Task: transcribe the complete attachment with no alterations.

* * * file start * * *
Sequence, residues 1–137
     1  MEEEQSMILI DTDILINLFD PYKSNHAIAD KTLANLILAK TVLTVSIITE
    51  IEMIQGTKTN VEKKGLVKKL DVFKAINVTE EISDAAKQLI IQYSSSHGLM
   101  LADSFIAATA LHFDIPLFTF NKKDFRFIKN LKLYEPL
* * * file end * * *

Sequence, residues 1–137
     1  MEEEQSMILI DTDILINLFD PYKSNHAIAD KTLANLILAK TVLTVSIITE
    51  IEMIQGTKTN VEKKGLVKKL DVFKAINVTE EISDAAKQLI IQYSSSHGLM
   101  LADSFIAATA LHFDIPLFTF NKKDFRFIKN LKLYEPL